Heavenly creatures

Film - Philip Kerr looks back on the long tradition of blue-eyed celluloid Christs

It's that time of year again, when people celebrate the torture and execution of Jesus Christ. But as they genuflect, kneel on their hassocks and contemplate the story of Easter, whose face will they morph on to the body that lies in the tomb? The chances are it will not be the really lifeless face in Hans Holbein's painting Christ in the Tomb (1521). "A man could lose his faith looking at that picture," exclaims Prince Myshkin in Dostoevsky's The Idiot. No more is it likely to be the dozy-looking Jesus on his way to crucifixion depicted by Bosch in Christ Carrying the Cross (1490), or the camp Christ painted by Rembrandt in Supper at Emmaus (1640). After 106 years of our Lord in cinema, it seems more probable that the face of Jesus held in the minds of the faithful as they line up for a cream cracker and a sip of Ribena will look like a movie actor's - one of at least 57 that have worn the crown of thorns since 1897, when Frank Russell first played Jesus in The Passion Play of Oberammergau. It will be 58 when Mel Gibson finishes directing The Passion, a brutal and bloody $25m film about the last 12 hours of Christ, in which everyone speaks Latin or Aramaic - a case of putting the Braveheart into Sacre Coeur.

As you might expect, Jesus has always been a white man with, perhaps, one exception - a 1968 Italian film called Black Jesus, starring Woody Strode. Sadly, the film shies away from being a full-on portrayal of our Lord. Instead, it is an allegorical portrait of Patrice Lumumba, the first democratically elected leader of the Congo, who was assassinated by CIA- and French-backed rebels in 1961; and the film's controversial title now looks like nothing more than a cheap publicity shot.

Less controversial has been the issue of facial hair. Almost all of the celluloid Christs have been bearded hippies. Philip Van Loan's shovel-like beard in the 1928 Jesus of Nazareth is the strangest of these, and makes him look like Abe Lincoln, rather than our Redeemer. Millard Coody's bushy beard in The Lawton Story (1949) is pure Grizzly Adams, while Max von Sydow's beard in The Greatest Story Ever Told (1965) is more Jason King than King of Kings. Ted Neeley's tash and chin beard in Jesus Christ Superstar (1973) imitated only his singing voice: thin and insubstantial.

As far as I can tell, there have been three beardless Christs, although it is fair to say that two of these needed a shave. Victor Garber has been the only truly smooth-faced man to play Jesus, in Godspell (1973); he wore clown make-up instead of whiskers and fully deserved his crucifixion. Dino De Laurentiis cast his brother-in-law Roy Magnano (brother of his wife, Silvana) as Jesus in the much-underrated 1962 epic Barabbas; but Magnano only managed to look like Magwitch in Great Expectations. Best of the beardless Messiahs was certainly Enrique Irazoqui in Pasolini's The Gospel According to St Matthew (1964). Trivia collectors will like to know that Irazoqui is now a big name in the world of computer chess tournaments, which just goes to prove that there is life after Jesus.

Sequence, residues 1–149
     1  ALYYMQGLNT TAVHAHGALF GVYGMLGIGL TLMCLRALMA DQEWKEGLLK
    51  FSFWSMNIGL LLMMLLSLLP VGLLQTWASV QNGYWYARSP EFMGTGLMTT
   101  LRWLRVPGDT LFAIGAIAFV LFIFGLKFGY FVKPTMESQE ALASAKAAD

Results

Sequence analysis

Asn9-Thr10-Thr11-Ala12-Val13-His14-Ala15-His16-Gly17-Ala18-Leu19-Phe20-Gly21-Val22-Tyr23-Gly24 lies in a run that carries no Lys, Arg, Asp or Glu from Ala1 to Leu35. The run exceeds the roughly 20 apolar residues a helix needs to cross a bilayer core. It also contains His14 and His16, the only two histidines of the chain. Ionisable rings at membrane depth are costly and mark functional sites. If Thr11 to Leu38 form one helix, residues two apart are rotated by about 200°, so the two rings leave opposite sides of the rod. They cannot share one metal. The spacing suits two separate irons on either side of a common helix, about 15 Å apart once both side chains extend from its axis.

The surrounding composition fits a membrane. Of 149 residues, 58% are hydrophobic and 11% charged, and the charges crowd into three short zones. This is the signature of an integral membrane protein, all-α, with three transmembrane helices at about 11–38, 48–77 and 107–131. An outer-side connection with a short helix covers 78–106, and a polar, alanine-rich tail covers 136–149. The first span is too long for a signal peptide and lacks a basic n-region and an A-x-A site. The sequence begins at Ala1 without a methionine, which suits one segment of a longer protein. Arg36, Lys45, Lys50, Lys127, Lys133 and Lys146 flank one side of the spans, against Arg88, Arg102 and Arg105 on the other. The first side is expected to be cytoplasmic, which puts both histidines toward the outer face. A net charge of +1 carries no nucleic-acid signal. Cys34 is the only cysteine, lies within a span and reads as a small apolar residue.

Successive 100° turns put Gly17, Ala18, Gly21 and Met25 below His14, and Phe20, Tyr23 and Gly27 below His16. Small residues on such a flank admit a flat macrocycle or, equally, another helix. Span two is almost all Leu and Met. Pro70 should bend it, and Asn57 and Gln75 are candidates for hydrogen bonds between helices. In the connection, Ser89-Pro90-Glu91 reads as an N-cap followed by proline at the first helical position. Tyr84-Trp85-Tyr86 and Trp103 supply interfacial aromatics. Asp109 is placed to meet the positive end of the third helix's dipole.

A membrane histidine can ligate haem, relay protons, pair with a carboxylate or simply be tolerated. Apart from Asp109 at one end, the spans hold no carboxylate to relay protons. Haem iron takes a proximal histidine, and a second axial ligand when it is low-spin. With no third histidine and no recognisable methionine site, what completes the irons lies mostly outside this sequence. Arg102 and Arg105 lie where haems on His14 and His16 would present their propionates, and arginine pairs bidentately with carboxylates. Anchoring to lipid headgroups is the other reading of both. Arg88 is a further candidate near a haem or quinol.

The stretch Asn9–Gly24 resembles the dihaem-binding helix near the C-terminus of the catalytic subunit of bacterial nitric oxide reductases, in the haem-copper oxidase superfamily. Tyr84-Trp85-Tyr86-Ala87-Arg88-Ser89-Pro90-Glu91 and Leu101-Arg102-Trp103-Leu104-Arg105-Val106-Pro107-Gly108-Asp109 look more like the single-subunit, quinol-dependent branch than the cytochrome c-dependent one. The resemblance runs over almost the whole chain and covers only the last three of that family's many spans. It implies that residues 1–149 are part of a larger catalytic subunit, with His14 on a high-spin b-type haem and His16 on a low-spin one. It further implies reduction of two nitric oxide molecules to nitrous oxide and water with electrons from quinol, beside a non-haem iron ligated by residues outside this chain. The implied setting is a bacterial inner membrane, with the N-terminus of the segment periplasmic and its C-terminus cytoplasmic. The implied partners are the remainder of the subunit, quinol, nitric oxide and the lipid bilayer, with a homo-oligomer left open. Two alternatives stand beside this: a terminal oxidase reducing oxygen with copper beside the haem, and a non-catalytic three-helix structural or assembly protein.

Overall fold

Blue eyes have been almost de rigueur for the part. Von Sydow's eyes added an Aryan touch to his portrayal of Jesus Christ. And it cannot be denied that fair hair and blue eyes would have helped Jesus seem just a bit special among the predominantly dark-haired and brown-eyed peoples of ancient Palestine. Would that someone had thought to cast Frank Sinatra in the role.

Not all the celluloid Christs have conducted themselves on screen in a manner pleasing to the Congregation for the Doctrine of the Faith (that's what the Holy Inquisition calls itself these days). Unusually, John Drew Barrymore played both Jesus and Judas Iscariot in the 1964 film Pontius Pilate. In Greaser's Palace (1972), Jesus "returned" to the Old West, by parachute, and wearing a zoot suit (watching this movie, directed by Robert Downey, it becomes easier to understand how Robert Downey Jr ended up with a drug problem). And who could blame Willem Dafoe fancying Barbara Hershey as Mary Magdalene in Scorsese's thoughtful The Last Temptation of Christ (1988)? More contentiously, in Ken Russell's The Devils (1971), Sister Jeanne (Vanessa Redgrave) fantasises that Jesus (played by Oliver Reed) comes down from the cross and gives her a good seeing-to. (And why not?) But my own personal bad-taste favourite is the moment in Carmelo Bene's Salome (1972) when Jesus nails himself to the cross - a job he is obliged to leave unfinished, for obvious reasons.

Talking of pin-up Christs, these have included Robert Powell in Zeffirelli's Jesus of Nazareth (1977) and Jeffrey Hunter in King of Kings (1961; sometimes known as "I Was a Teenage Jesus"). One movie actor clearly liked the part of Christ so much he played him twice. Not content with being Jesus in D W Griffith's Intolerance (1916), Howard Gaye directed himself as our Lord in Restitution (1918). How's that for a second coming?